Bill Hanely of Hanley Sound, a pioneer in the world of live sound, designed a sound reinforcement system with McIntosh Amplification for the famous music festival, Woodstock.
Known as the father of festival sound, Hanley founded Hanley Sound Equipment in Medford, Mass., and working with his brother Terry, the pair provided sound for a range of commercial environments.
In those early years of sound reinforcement, Hanley Sound would go onto provide sound for the Newport Jazz and Folk Festival and famous venues such as the Fillmore East and the Boston Tea Party.
Woodstock Festival Sound: How They Did It
In the book “Woodstock: The Oral History,” Hanley says that prior to the show, he received a call from Stan Goldstein, a record producer.
Goldstein wanted to learn about providing the sound for a large show with a lot of people. Ultimately, the show Goldstein was referring to turned out to be the Woodstock Festival.
“He asked me how to do a big job with a lot of people. He was a recording engineer. I said we would take care of the job for him. That’s how we got involved. We pioneered the whole concept – we were the first people to put in large, high-fidelity-type sound systems with gigantic speakers and huge power amplifiers,” recalls Hanley.
“Prior to Woodstock, for example, I had done the sound reinforcement for President Johnson’s inauguration in 1965 using McIntosh amplification. I was doing these kinds of things all the time, all of the anti-war movement stuff with large groups of people. So, we were the most experienced people that there were at the time.”
When it came time to start the system design for the Woodstock festival, show organizers passed a Wallkill location. Meeting with Michael Lang at Max Yasgur’s, Hanley, along with the show’s organizers settled on the Woodstock site after considering several other locations.
Woodstock Tech Highlights
Hanley explains the field was chosen because they were working with an estimated crowd size in mind and based on those estimates of 100,000 people, they decided to use Altec HIS 410s in horn-loaded 15-inch cabinets.
- Hanley tri-amped the Altecs with crossovers set at 50Hz and 8kHz
- Hanley Sound powered the speakers with a range of McIntosh Amplification products
Another portion of the sound system was located high upon on a hill. Hanley says that’s why the towers were located approximately 60- to 70-feet above the crowd.
“We had two elevations, a lower elevation for the front, and then a higher elevation for the back,” states Hanley. “We compressed the sound and that’s why I had designed a special speaker cluster to do that.”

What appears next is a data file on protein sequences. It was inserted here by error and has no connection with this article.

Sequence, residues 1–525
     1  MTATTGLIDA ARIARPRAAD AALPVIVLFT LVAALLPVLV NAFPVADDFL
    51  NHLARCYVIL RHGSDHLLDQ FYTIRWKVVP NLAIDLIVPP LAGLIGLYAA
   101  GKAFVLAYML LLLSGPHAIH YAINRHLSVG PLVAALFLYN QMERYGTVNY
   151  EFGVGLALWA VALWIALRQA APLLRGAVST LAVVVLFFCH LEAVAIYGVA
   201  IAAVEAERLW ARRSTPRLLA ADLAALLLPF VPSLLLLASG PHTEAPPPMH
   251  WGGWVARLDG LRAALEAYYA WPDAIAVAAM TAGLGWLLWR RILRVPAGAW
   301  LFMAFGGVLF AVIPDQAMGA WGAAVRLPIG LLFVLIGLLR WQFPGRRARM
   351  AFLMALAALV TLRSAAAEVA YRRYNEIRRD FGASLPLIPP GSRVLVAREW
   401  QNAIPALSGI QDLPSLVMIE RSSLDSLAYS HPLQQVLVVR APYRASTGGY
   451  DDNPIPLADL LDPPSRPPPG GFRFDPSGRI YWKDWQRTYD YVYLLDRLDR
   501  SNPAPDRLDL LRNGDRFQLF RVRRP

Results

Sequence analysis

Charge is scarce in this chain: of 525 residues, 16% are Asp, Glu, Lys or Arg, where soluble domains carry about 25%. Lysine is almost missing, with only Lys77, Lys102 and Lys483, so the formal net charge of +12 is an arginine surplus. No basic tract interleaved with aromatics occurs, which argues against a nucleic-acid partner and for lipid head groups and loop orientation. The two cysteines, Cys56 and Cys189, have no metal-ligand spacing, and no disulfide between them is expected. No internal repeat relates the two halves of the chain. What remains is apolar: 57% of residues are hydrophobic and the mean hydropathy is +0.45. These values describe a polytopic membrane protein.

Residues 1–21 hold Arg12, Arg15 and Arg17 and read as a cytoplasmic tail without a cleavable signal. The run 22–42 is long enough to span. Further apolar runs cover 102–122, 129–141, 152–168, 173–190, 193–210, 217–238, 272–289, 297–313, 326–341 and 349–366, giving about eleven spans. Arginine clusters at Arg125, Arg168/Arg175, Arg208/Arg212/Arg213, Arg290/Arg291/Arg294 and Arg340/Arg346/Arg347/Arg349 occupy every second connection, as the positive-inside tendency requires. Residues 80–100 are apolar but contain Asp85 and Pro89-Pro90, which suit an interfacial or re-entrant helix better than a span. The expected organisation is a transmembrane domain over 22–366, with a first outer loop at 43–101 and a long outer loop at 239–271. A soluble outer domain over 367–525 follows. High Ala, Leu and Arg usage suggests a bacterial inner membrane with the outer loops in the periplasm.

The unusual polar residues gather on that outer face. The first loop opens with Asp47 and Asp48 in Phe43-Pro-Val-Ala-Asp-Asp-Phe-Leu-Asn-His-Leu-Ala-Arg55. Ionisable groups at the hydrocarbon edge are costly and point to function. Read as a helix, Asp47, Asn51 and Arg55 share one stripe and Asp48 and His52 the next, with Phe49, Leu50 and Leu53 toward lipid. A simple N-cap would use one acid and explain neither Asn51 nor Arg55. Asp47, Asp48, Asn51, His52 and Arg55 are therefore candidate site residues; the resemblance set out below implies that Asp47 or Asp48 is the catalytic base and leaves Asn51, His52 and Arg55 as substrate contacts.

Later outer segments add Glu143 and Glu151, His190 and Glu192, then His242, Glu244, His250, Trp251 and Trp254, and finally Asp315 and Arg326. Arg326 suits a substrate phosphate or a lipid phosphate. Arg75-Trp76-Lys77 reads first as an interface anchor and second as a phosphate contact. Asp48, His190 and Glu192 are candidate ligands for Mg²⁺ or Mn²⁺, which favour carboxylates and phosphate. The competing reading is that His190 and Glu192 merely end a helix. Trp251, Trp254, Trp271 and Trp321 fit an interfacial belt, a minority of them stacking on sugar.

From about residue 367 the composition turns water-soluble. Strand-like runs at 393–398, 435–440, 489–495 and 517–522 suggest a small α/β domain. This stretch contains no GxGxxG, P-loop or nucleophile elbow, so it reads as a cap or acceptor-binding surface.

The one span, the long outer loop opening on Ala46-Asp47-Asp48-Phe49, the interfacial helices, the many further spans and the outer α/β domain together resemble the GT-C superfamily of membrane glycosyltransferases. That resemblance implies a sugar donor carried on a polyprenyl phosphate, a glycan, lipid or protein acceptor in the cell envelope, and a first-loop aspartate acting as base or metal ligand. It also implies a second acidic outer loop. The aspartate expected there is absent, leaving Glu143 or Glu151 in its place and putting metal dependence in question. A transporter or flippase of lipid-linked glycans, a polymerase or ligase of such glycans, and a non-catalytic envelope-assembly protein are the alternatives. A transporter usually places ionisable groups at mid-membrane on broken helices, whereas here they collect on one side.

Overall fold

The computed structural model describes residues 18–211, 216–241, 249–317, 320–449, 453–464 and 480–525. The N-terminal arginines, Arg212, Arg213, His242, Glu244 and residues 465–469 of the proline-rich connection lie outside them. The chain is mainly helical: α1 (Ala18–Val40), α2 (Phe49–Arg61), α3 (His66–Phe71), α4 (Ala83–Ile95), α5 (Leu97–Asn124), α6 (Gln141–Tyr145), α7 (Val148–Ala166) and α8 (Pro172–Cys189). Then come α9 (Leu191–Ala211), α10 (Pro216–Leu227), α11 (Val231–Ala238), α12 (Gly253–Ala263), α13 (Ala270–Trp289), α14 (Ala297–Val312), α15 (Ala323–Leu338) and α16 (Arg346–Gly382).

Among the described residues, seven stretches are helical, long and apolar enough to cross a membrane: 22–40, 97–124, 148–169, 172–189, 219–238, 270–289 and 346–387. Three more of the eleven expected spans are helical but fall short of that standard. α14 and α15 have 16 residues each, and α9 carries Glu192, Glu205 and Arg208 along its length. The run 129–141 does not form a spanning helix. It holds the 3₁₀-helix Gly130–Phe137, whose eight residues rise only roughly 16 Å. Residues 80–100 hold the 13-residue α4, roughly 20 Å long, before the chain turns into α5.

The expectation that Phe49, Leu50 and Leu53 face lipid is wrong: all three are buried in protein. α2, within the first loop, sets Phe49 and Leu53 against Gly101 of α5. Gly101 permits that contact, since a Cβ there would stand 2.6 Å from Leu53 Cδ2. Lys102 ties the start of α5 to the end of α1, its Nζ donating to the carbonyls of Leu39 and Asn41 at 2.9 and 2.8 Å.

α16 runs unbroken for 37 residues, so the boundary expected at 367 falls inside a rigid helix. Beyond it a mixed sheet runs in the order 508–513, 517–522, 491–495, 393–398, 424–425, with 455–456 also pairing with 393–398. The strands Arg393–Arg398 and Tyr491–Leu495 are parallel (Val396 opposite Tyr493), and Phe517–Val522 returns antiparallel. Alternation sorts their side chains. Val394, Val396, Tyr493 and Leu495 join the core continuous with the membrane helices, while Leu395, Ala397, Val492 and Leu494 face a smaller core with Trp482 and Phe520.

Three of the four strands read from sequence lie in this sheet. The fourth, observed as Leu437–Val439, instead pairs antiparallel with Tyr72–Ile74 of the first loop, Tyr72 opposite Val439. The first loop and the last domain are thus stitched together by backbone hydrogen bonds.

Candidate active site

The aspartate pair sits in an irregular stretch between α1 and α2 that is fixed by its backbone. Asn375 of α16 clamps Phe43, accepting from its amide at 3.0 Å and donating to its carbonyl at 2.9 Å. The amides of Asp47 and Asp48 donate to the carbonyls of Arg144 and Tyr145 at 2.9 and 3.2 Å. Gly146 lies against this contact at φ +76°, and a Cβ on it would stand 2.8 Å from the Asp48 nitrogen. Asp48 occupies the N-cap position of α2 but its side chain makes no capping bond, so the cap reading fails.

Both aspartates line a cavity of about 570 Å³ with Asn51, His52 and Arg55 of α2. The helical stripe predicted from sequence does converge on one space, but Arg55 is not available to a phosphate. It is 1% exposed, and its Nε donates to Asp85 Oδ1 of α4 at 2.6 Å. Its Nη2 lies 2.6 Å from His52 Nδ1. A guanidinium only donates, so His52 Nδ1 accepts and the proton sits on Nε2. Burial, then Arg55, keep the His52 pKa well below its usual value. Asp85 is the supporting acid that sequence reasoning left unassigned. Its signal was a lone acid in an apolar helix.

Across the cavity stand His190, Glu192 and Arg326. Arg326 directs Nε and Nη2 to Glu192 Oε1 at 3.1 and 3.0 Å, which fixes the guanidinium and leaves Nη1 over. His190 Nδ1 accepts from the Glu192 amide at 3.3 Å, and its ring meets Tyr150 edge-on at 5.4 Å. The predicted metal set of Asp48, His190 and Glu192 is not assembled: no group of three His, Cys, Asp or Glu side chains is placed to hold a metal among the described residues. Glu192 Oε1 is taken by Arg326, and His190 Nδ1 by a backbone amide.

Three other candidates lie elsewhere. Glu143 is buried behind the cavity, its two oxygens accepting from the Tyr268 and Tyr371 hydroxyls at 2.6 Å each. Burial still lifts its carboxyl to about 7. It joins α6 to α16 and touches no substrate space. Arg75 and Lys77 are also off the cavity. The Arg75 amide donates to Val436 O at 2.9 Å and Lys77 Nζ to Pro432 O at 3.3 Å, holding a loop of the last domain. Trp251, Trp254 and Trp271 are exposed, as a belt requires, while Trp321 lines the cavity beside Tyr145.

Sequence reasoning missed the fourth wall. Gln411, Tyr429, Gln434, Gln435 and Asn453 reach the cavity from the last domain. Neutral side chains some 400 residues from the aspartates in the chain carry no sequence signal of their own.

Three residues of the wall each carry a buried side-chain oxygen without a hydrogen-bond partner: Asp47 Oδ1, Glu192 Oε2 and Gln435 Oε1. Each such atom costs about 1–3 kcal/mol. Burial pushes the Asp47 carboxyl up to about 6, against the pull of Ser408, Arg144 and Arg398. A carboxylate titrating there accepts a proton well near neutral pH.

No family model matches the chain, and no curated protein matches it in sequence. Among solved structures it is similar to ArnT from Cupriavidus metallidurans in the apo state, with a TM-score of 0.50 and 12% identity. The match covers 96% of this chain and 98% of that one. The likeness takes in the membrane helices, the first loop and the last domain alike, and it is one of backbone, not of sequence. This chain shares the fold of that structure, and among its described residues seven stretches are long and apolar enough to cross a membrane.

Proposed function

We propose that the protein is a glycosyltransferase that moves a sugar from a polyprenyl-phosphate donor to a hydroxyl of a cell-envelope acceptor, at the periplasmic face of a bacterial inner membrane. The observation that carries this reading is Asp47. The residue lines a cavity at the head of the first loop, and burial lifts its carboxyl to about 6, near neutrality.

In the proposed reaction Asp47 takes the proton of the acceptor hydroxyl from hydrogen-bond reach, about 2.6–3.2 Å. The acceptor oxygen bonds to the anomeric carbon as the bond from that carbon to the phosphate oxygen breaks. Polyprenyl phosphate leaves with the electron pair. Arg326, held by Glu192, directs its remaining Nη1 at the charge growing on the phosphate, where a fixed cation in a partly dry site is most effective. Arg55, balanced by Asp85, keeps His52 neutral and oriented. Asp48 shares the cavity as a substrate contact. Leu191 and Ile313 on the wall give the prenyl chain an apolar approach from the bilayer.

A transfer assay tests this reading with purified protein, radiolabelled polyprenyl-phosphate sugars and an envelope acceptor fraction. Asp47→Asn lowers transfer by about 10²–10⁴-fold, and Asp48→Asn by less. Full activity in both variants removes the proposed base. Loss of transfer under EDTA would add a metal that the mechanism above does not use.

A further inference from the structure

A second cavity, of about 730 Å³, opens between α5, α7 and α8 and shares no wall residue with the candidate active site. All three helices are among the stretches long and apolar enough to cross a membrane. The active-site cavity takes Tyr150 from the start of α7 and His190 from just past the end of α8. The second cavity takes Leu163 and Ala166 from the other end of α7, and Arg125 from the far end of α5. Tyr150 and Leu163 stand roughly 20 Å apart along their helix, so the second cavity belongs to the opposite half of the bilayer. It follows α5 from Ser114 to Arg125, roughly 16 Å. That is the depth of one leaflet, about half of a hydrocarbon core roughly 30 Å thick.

Powering the towers, Hanley notes they used McIntosh amplifiers from his sound company’s inventory. Some of the McIntosh amps Hanley used include the MC3500, the MC275, the MC40 and the MC2105.
The company also kept McIntosh MC2225 amps in stock, but that model was popular with Hanley’s employees.
“The MC225 typically didn’t last more than a month on the shelf because somebody usually took them home for their Hi-Fi, and we never saw them again,” remembers Hanley.
“We couldn’t get the MI amps – Gordon [Gow] wouldn’t give them to us. Gordon decided that that was special stuff that the factory had to make maximum profit on.
Hanley Sound employee Harold Cohen states some of the reasons why the company preferred McIntosh amps were their build quality and ability to run flat from 20Hz to 20kHz.
According to Hanley and Cohen, the one modification the company did make to the McIntosh Amplification products was to replace their power supplies to enable the products to remain stable while producing higher levels of peak power.
Hanley Sound Innovates Festival Sound Design
Another aspect of Hanley Sound’s approach to providing sound in big show environments was the use of directional speakers.
Placing speakers in locations where the crowd positioned helped the company to manage sound levels to ensure even coverage across the listening area.
Moreover, Hanley and his staff employed multiple compressor limiters that helped the company to control sound traveling long distances through the limiting of dynamic range.
“I had done the sound reinforcement for President Johnson’s inauguration in 1965 using McIntosh amplification. I was doing these kinds of things all the time, all of the anti-war movement stuff with large groups of people. So, we were the most experienced people that there were at the time.” — Bill Hanley, Hanley Sound Equipment
“If you were setting up a large speaker system, such as what we had there without having some form of compression, the people in the back would never hear the soft passages, only the loud passages,” notes Hanley.
“So, consequently, what you needed to do was to remove the dynamic range.”
Comparing the system used for Woodstock to modern systems seems unfair, but Cohen says his company was breaking new ground with the design of its solutions and they had to use the best equipment that was available to them at the time.
“The system was approximately 10,000 watts RMS into 8 ohms. The equivalent today would be 125,000 to 150,000 watts. There weren’t 10 companies in the country like there are now that would be capable of being able to amass that kind of power,” adds Cohen.
“We did all of this using equipment owned by Hanley Sound. We didn’t pool it with five other companies. And we had not only the main stage covered, but we also had small systems available for the puppet theater and also the other free stage that was to be set up at Woodstock, even though the sound systems were never erected on those stages.”